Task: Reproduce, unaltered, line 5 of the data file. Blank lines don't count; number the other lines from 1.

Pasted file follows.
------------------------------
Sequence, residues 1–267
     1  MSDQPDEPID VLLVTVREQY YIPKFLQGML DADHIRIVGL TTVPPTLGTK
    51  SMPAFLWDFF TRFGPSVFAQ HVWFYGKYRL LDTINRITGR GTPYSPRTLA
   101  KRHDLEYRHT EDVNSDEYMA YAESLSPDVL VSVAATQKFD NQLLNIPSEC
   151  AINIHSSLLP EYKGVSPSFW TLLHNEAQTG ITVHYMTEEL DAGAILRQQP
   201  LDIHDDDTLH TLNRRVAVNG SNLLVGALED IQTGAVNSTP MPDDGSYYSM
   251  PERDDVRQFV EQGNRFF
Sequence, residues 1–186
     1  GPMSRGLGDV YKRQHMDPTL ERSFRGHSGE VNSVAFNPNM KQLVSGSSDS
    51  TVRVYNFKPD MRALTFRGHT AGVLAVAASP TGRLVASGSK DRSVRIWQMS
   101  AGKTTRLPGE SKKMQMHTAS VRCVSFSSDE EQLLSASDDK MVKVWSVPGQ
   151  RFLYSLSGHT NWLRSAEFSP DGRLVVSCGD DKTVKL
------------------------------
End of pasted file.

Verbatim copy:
   151  AINIHSSLLP EYKGVSPSFW TLLHNEAQTG ITVHYMTEEL DAGAILRQQP